KCC Faculty on Teaching
Q&A with Jason Leggett | CRIMINAL JUSTICE
How did you get into teaching?
I have been in many teaching roles in my adult life. I was briefly a substitute teacher, worked as a reading tutor for many years, and volunteered as a little league baseball coach while working as a youth & government program director with YMCA. I always knew I would be engaged in education in some way. In my third year of law school, one of my professors recommended that I teach at a community college. As a community college graduate myself, this really appealed to me. I was very interested in public legal education and civic engagement, two things Kingsborough was looking for when I applied to work here.
What career did you imagine for yourself when you were in college?
I didn’t have any idea what career I would have while in college. I was the first in my immediate family to go to college and didn’t really know what options were available. I had planned on being a baseball player until I tore my rotator cuff during my senior year of high school. I was in and out of different colleges for several years. I ran political campaigns, worked construction, worked various retail jobs, and worked as a program director for civic education. When I decided to finish my undergraduate degree, I knew I was interested in social science but didn’t know where that would lead me. I just wanted to be the best student I could be and take it from there. Early on, I remember a career advisor asked me what I wanted to do and I said archeology. After some conversation, she informed me it was not like Indiana Jones. I quickly changed my major back to liberal arts.
What do you love about teaching?
The liberating moments are what I enjoy the most. Teaching as a profession can be very restrictive: There are a lot of institutional norms and pressure from colleagues to conform to certain habits. The liberating moments tend to come through conversation. Sometimes that is in an interesting or controversial discussion in class with students. Sometimes it is one-on-one thinking about life. Sometimes it comes through collaboration with faculty who want to move beyond the status quo. Teaching opens up these spaces from time to time.
What’s your favorite teaching experience?
My favorite part of this job is when I get to watch students, or former students, share knowledge about something they are passionate about. There are many, many students I have worked with who are not confident or have been told they are not knowledgeable. Students who have experienced intersectional discrimination (race, gender, class) often share with me that they want to share knowledge about these experiences. It’s a powerful moment of transformative learning when students take these opportunities to inform other students, staff, and faculty. I think this is what we aspire to at Kingsborough when we talk about civic engagement. It’s why I wanted to work here. This approach to education is much more likely to radiate into our communities.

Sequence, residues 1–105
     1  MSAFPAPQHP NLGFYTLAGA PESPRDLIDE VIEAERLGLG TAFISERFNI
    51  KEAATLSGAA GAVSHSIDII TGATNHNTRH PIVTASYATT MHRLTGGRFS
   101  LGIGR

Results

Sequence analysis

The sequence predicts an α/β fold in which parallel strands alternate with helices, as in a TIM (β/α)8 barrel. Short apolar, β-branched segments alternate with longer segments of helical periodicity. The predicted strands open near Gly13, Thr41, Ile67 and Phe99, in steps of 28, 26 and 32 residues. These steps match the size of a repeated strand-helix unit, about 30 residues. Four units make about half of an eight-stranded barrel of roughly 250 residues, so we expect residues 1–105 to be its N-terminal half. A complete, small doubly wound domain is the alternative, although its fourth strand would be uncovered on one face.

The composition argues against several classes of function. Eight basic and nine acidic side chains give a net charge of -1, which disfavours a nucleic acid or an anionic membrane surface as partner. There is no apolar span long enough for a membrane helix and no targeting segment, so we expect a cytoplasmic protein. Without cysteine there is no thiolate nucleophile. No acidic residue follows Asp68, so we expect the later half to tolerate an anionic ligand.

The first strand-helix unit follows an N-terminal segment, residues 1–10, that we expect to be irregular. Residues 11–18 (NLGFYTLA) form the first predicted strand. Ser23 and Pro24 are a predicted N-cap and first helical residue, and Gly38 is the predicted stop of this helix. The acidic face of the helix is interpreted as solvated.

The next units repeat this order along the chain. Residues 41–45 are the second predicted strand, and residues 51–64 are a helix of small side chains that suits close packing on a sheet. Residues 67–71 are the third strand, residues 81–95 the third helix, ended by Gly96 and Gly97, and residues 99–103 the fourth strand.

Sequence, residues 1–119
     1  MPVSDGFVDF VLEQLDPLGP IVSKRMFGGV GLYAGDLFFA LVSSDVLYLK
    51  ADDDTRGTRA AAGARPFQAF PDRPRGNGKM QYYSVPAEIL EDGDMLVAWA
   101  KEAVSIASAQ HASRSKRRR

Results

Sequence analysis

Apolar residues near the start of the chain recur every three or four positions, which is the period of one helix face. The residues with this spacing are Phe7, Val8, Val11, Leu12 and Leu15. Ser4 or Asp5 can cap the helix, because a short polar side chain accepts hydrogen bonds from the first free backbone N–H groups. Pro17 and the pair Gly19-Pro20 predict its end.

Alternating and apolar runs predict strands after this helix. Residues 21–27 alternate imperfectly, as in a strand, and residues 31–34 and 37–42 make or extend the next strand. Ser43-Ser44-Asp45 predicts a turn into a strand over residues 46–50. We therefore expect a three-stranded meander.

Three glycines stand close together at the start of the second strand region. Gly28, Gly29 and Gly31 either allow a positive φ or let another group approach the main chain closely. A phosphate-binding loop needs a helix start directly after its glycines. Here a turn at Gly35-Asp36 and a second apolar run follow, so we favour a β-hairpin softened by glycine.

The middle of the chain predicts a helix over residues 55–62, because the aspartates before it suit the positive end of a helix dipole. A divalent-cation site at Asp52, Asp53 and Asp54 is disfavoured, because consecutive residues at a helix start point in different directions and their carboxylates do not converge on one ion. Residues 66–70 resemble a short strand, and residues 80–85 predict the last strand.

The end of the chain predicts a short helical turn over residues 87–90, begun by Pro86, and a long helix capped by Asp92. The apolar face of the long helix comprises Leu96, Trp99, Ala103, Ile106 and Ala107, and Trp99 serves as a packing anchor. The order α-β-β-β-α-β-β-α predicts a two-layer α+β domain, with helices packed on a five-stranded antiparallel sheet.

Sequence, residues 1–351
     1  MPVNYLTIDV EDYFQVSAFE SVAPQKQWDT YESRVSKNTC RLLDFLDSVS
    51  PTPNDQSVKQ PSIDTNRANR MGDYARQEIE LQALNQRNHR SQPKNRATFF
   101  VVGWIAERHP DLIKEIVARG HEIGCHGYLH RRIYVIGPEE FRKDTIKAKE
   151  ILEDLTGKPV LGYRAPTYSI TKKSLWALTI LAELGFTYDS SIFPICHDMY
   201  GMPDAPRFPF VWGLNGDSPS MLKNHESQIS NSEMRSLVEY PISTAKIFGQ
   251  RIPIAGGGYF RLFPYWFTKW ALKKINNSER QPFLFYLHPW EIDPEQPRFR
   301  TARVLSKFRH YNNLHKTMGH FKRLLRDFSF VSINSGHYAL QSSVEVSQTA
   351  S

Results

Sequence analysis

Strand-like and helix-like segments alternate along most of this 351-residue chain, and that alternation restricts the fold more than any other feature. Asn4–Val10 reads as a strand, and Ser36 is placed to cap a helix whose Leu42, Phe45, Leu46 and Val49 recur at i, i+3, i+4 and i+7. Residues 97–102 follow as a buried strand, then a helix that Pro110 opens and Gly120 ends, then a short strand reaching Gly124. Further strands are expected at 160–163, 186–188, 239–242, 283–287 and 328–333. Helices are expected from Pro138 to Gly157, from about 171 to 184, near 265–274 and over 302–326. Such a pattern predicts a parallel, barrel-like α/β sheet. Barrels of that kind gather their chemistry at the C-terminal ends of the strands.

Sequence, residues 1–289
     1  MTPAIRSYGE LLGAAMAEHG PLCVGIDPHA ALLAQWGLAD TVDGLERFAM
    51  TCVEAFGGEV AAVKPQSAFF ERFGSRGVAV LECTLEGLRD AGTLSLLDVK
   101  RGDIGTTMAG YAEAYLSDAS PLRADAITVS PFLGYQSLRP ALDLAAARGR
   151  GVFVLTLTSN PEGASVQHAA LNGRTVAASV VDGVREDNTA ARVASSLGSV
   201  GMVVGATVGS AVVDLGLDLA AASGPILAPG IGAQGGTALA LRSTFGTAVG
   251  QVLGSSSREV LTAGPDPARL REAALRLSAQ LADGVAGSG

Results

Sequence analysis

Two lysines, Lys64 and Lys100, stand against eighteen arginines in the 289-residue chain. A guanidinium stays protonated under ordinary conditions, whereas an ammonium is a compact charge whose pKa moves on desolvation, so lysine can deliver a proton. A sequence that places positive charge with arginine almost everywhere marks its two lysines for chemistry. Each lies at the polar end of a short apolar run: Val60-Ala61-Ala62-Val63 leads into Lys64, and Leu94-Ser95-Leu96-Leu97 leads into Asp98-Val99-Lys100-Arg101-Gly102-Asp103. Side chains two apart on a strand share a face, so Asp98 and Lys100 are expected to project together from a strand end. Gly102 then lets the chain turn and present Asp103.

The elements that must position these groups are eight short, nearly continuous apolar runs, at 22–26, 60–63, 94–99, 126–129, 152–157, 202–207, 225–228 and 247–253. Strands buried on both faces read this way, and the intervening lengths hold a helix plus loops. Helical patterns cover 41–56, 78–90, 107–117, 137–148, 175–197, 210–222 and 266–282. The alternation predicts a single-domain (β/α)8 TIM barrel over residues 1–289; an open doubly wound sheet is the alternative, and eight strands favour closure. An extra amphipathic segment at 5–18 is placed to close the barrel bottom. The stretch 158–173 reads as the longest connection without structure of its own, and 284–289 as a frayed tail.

In what ways do you bring your professional experience into the classroom?
I was trained as a lawyer and as an activist, two professional experiences that don’t always go together neatly. As an academic, I was trained to integrate theory and practice and to speak from my lived experience as valuable knowledge. Given that our student population represents one of the most diverse populations on the planet, I think my experience has taught me how to provide a structured but inclusive environment that stresses the ability to construct individual narratives. The legal training helps me provide a malleable environment and to see a world beyond two sides, beyond the black and white. The activist experiences have taught me how to provide opportunities for collaboration and meaningful dialogue. My publications focus on these aspects and I try to measure whether this is successful by listening to what students say about the process and whether they are learning important concepts that are relevant to them. I want the knowledge we construct together to be practical and to further interests that they think are important. These topics usually involve social change and equity, but sometimes are about just being heard. All of my professional experiences have valued that unity: active listening and activity.
What advice do you have for current students?
It is a good idea to disagree with your professors. College is a very unusual space where the ideals of democracy are an expectation, especially the freedom to express your opinion and seek out knowledge. There is a lot of value to skepticism. We live in an era of “fake news” and incomplete information. It is very unlikely that any one person, whether they are a professor or not, has a monopoly on the truth. Students should push back and demand that professors explain their reasoning, provide citations, and meet the same expectations professors often ask of students. I think that to sit silently and passively – to just accept whatever information is coming at you – is a mistake. I know there are always consequences to taking a stand, which will likely harm those who already suffer intersectional discrimination the most, but colleges have historically been places where change movements have been initiated. My advice is to take the chance now. This can be a very supportive environment when people work together against injustice.